Alstom and Areva, two French engineering groups, have both filed challenges in the European Court of First Instance against a decision by the European Commission. They have objected to the level of fines imposed on them by the Commission and to the Commission’s decision that they are both liable for the actions of subsidiaries sold by Alstom to Areva.
In 2007, the Commission imposed over €750 million fines on the participants of the gas insulated switchgear cartel. The cartel engaged in practices restricting competition from 1988 to 2004 and included two businesses which were owned by Alstom for much of the period covered by the cartel but which were acquired by Areva four months before the cartel ended. Alstom and Areva, as parents, were each held to be jointly liable with the subsidiaries for the subsidiaries’ actions.
The decision to impose joint and several liability as between parent and subsidiary was consistent with established Commission case law. This states that if a parent company exercises “decisive influence” over the commercial behaviour of its subsidiary, then both form part of the same economic undertaking and both can be fined. The Commission therefore imposed fines on Alstom and Areva on the presumption that - as the parent companies of wholly-owned subsidiaries - they had exercised decisive influence. It is irrelevant whether the parent company was itself involved in the infringement.
Areva argue that they did not know the firms they bought from Alstom had been engaged in anticompetitive practices until documents were seized by the Commission, and they therefore submit that the fines should be imposed only on Alstom and not on Areva. Alstom, claim that they had provided documentary evidence to the Commission that the parent company had played no role in directing the commercial activities of the subsidiaries and therefore that the parent company and the subsidiaries should be treated as separate entities.
Both companies also contest the Commission’s decision to brand them as the ‘ringleaders’, which caused both parties’ fines to be increased by 50%. Alstom argue that despite being the cartel’s secretary they had not played a ‘strategic role’ in the cartel. An initial hearing took place on 24 March and the cases have been designated as T-117/07 Areva SA et al v Commission and T-121/07 Alstom v Commission.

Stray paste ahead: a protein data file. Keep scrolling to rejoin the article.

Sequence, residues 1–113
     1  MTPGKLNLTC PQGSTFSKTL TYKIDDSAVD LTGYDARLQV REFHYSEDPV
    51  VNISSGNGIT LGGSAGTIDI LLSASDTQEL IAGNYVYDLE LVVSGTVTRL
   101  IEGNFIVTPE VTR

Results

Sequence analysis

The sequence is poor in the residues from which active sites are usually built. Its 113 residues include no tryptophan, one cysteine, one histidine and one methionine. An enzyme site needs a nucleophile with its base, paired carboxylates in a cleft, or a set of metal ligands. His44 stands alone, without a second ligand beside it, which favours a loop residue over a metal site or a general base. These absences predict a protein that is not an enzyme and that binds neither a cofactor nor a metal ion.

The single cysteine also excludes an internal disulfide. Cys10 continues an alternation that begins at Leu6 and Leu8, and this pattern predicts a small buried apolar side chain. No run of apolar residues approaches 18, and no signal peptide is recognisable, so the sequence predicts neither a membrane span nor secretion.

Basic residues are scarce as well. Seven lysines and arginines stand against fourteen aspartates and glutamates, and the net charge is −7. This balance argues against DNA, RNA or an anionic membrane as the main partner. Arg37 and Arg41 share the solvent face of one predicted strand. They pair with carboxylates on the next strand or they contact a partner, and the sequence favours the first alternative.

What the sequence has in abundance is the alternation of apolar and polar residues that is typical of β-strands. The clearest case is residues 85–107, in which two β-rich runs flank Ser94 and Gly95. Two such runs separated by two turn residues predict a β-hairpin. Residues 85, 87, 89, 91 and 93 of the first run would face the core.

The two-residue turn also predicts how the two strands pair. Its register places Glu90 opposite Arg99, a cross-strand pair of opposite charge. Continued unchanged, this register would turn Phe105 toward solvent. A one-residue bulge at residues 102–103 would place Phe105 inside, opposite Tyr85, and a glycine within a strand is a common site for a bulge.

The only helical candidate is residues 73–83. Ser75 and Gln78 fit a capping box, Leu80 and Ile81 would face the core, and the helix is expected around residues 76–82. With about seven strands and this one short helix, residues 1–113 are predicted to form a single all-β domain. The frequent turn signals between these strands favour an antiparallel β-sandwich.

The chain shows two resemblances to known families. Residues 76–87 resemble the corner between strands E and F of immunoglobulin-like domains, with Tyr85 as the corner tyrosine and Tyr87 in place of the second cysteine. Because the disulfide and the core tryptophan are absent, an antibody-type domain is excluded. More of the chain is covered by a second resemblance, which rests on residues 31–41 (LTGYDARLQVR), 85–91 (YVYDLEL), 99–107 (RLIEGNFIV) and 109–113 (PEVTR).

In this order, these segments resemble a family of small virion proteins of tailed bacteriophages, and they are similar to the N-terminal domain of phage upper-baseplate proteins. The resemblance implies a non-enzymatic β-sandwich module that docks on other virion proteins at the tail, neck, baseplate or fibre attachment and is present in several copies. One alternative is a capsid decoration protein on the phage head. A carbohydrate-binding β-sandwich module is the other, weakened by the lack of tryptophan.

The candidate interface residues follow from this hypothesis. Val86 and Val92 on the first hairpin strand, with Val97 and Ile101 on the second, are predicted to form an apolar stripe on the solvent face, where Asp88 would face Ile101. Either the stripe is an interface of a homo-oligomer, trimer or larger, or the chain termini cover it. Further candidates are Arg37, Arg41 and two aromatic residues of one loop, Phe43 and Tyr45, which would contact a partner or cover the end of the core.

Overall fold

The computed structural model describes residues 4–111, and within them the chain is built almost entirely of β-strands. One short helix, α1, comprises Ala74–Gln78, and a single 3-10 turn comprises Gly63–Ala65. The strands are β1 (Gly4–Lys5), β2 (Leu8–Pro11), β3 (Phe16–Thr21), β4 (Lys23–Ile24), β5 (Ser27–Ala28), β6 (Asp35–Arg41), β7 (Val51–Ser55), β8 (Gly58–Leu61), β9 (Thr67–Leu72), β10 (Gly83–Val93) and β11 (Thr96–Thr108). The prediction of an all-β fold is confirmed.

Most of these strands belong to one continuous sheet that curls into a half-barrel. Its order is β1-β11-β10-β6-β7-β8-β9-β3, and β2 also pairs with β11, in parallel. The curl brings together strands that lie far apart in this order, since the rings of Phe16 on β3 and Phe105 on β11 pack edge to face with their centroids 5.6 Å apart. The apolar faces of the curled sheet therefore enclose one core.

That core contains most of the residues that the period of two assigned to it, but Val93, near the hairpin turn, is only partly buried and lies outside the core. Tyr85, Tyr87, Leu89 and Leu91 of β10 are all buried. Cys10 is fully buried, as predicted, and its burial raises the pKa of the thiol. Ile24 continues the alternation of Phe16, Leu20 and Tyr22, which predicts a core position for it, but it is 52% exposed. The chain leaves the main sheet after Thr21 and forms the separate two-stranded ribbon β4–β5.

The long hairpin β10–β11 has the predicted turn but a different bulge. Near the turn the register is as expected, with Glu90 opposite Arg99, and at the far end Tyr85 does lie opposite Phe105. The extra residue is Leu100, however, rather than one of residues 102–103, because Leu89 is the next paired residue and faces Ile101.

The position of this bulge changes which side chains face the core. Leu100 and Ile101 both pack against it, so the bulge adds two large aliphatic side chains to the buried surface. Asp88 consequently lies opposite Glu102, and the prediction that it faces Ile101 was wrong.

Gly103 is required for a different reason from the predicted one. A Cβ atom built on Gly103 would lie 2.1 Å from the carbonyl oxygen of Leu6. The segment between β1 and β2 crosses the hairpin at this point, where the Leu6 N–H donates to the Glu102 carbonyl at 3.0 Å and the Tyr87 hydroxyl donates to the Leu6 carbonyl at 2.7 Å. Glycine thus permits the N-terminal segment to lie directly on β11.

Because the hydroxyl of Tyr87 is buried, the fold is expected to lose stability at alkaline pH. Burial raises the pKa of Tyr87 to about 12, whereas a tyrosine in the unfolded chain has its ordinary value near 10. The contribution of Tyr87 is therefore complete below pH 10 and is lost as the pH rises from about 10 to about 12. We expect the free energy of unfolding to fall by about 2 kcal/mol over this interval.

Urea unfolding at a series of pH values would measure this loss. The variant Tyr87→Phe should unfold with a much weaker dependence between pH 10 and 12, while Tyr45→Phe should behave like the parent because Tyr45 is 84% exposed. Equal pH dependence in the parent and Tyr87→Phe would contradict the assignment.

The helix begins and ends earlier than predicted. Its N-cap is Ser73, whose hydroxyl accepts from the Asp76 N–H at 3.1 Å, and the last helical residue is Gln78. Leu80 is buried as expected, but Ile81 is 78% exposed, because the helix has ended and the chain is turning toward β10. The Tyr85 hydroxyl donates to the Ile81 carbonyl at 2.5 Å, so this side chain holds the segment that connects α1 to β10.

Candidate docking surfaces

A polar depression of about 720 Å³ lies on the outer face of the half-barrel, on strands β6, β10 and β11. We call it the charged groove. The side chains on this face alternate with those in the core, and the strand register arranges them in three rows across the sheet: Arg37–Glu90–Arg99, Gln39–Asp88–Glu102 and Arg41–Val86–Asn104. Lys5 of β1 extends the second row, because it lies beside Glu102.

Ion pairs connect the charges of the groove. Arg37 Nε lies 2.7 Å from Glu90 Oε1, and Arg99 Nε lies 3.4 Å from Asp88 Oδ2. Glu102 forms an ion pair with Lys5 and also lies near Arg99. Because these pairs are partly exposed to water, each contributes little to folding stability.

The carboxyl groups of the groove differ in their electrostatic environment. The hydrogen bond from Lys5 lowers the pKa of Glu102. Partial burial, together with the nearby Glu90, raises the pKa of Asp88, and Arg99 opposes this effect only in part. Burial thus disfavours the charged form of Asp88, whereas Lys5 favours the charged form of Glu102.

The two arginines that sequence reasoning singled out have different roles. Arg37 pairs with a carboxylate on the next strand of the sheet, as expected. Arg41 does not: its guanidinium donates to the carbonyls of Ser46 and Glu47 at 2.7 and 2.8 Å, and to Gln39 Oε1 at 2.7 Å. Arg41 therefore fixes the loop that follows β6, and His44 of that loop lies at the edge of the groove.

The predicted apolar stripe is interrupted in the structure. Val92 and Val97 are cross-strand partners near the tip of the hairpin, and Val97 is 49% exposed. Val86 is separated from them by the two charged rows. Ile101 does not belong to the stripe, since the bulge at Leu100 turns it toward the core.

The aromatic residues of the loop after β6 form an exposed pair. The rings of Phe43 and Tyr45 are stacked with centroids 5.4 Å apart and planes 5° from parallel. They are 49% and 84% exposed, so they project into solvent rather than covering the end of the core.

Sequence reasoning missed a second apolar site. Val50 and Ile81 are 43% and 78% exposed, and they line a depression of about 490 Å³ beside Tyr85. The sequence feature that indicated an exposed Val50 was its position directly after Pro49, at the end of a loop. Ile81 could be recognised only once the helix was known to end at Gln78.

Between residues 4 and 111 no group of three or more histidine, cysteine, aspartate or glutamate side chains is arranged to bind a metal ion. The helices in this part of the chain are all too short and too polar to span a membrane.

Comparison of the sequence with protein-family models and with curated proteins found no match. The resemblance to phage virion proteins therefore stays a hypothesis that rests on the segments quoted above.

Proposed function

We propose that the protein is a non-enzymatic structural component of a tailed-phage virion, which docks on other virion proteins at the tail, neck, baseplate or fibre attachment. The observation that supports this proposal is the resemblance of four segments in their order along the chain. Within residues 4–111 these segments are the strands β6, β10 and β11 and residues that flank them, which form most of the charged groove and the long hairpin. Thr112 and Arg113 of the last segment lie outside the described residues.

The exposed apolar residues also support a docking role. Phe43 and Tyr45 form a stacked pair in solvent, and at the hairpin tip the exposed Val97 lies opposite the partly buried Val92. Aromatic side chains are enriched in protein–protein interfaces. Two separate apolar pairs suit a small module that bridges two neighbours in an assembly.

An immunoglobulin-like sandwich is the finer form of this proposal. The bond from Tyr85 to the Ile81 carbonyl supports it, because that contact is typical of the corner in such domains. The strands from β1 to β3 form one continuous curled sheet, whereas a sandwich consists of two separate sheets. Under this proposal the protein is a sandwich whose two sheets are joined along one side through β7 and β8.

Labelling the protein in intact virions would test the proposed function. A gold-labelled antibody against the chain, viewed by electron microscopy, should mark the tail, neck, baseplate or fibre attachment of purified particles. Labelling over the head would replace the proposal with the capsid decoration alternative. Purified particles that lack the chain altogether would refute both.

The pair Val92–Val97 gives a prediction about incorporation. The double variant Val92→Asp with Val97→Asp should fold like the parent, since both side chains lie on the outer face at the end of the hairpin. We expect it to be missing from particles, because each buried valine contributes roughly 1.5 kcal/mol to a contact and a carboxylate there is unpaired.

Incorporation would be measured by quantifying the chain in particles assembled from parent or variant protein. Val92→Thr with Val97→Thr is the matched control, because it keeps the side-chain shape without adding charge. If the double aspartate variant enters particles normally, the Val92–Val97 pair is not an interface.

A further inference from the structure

Previous cases on parent liability
The issue of parent liability was also raised in June 2008 by Elf Aquitaine in the Court of First Instance. They appealed against a fine imposed on them by the Commission in relation to the Monochloroacetic Acid (MCAA) cartel. Elf Aquitaine were fined jointly with their subsidiary Arkema. Arkema argued that as MCAA only accounted for a small percentage of both companies’ turnovers, that it was relatively unimportant to Elf Aquitaine and it was wrong to presume that the top levels of the company would be interested in it. Elf Aquitaine also submitted that the Commission’s presumption in relation to parent companies was extremely difficult to rebut. They felt that they were being required by the Commission to prove a negative by having to prove that, despite being the parent company, they had not influenced the market behaviour of their subsidiary. Elf Aquitaine were also aggrieved because under their national law, parent and subsidiary companies are treated as independent undertakings; the Commission's view was therefore inconsistent with that of national law.
The cartel involved eleven groups of companies in Europe and Japan who were in total fined €750 million which, at the time, was the largest fine ever imposed on a single cartel. Since 2007, larger fines have been imposed on members of cartels in the vitamins industry, elevators and escalators industry and most recently, the marine hose industry, with the record amount of €1.3 billion for the car glass cartel in 2008.
Between 1988 and 2004, the Commission found that the companies had rigged bids for procurement contracts, fixed prices, allocated projects to each other, shared markets and exchanged commercially important and confidential information. The investigation started with surprise inspections in May 2004, which were prompted by an application for immunity lodged by ABB who received full immunity from fines under the Commission’s leniency programme, as it was the first company to come forward with information about the cartel.